What it would be like to be tasked with finding, exhuming from dozens of mass graves, and then identifying, using DNA technology, the intermingled human remains and mangled body-parts of the estimated 8,100 victims of the 1995 Srebrenica massacre in eastern Bosnia? One leading forensic scientist commented that it would be like “solving the world’s greatest forensic science puzzle.”
And in 1999 one DNA laboratory, run by one small international organisation in Sarajevo, the International Commission on Missing Persons, set themselves the task of doing just that. And this is the story of that laboratory, that technology, and that organisation.
Twelve years later, the ICMP are the world’s acknowledged leaders in the extraordinary, rarified world of using DNA-assisted technology and forensic science to assist in finding, and identifying, thousands and thousands of persons missing from wars, genocides, human-rights abuses and natural disasters. These range from Bosnia to Hurricane Katrina and the Asian tsunami, to being INTERPOL’s on-call agency for DVI, or Disaster Victim Identification, to identifying victims of Saddam Hussein in Iraq, and to providing advice in the aftermath of 9/11. ICMP have also identified victims of apartheid in South Africa and of war crimes committed in Chile in the ‘seventies. They have helped scientists and governments from countries like the UK, Germany, Russia, Norway, Libya, Colombia and Iraq on improving their DNA identification skills and finding missing persons. Their forensic science techniques have, as a result, become the latest weapon in the armoury of international justice and human rights.
The ICMP sprung out of the massacre at Srebrenica. There are 206 bones in the human body post-puberty, and in 1995 an estimated 8,100 Bosnian Muslim men and boys were massacred at Srebrenica by Bosnian Serb forces lead by former General Ratko Mladic, now on trial for genocide and war-crimes at the UN Tribunal in The Hague. 206 multiplied by 8,100 makes 1,668,600, and this was the number of potential body-parts and bones, mangled and scattered across dozens of mass graves in the mountainous wilds of eastern Bosnia, that forensic investigators from the ICMP and the Hague Tribunal were looking for. This year, eighteen years after the massacre, the ICMP has found and identified, using DNA, more than 80% of the exhumed bodies and body-parts, their remains returned to their families for proper and dignified burial.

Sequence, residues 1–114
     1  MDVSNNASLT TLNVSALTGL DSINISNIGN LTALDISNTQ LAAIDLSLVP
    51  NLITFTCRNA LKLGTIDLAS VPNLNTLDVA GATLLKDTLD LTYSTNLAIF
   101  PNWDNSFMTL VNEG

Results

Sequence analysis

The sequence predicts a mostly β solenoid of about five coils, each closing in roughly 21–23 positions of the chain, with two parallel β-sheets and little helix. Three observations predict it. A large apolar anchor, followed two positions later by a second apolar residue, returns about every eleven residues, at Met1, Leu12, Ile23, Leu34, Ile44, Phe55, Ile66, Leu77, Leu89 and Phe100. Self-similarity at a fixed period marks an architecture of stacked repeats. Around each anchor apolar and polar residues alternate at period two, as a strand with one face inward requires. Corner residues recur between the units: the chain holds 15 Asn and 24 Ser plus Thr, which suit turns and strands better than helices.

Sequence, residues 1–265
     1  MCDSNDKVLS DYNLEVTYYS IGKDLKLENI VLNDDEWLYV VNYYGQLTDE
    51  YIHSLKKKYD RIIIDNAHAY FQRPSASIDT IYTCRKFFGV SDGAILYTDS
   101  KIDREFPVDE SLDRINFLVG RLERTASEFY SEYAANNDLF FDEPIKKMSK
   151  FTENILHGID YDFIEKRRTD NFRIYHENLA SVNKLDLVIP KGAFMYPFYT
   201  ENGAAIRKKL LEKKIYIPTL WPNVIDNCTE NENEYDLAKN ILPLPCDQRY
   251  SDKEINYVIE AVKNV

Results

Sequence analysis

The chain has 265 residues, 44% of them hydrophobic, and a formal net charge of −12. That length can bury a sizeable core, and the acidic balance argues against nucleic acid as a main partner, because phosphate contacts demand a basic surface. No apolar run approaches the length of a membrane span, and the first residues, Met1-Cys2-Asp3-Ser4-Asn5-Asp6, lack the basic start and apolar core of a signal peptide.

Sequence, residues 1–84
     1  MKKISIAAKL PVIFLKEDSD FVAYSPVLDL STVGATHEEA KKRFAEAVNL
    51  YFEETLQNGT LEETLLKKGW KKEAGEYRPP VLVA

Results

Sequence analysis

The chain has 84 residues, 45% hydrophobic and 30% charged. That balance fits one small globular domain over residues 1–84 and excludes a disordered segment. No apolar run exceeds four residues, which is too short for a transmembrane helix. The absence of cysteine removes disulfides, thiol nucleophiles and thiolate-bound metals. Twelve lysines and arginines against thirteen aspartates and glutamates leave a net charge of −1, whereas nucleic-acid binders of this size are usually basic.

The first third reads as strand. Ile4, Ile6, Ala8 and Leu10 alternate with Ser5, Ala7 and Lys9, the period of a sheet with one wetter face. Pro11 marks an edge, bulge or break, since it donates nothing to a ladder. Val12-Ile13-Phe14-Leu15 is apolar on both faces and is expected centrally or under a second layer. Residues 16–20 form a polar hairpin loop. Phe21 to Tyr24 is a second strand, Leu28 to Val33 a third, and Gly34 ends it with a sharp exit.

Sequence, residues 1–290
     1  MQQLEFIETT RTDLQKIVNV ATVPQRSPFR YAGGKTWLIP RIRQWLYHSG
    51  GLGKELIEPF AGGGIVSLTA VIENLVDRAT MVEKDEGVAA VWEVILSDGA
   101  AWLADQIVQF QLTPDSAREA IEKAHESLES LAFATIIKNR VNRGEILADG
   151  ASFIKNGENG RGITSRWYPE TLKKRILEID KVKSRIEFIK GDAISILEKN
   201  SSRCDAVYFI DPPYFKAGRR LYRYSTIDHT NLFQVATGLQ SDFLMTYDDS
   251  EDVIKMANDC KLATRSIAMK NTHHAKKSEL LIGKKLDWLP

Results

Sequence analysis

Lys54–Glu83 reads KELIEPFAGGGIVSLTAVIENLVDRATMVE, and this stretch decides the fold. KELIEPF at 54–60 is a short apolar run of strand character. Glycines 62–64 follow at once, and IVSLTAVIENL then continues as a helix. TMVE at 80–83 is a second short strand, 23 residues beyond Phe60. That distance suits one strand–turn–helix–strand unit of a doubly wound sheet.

The story of how they did it, becoming in the process the world’s leader in their field, is set against the story of the sixteen-year manhunt for Ratko Mladic, the most high-profile war-crimes suspect to stand trial since the Nazis, indicted on the first charges of genocide to have taken place in Europe since the Holocaust. Mladic vanished in 1997 in Bosnia after the end of the war, as British and NATO special forces started arresting his deputies. He was next seen in a tiny rural village in central Serbia in 2011, arrested by two dozen Serbian intelligence agents, and then transferred to face trial in The Hague. Where had one of the world’s most-wanted men been for sixteen years? Despite a manhunt across south-eastern Europe involving investigators from the Hague Tribunal, police officers, special forces and intelligence operators from Britain, the United States, Canada and EU countries such as France and Germany, Mladic had evaded capture.
This book is the story of real-life CSI, and the anatomy of a manhunt. It draws on inside access to world-class forensic scientists from ICMP, war-crimes investigators from The Hague, as well as police officers, soldiers, intelligence agents, diplomats and humanitarians from sixteen different countries. It is written by an author who is a widely-published investigative foreign correspondent who has worked as a staffer for ICMP, and followed the hunt for Mladic across the Balkans for more than a decade, reporting for British publications ranging from The Economist and The Scotsman to Wired magazine.
Christian Jennings is a British freelance foreign correspondent and the author of five works of non-fiction. Since 1988, across twenty-three countries, he has been writing books and journalism on international current affairs, history, science and such areas as war crimes investigations, for publications ranging from The Economist and Reuters to Wired, The Daily Telegraph, and The Scotsman. He has been based variously in Sarajevo, Pristina, Belgrade, Kigali, Bujumbura, Skopje, Nairobi and Geneva. He now lives in Turin.
His fifth work of non-fiction was published in the U.S and ...
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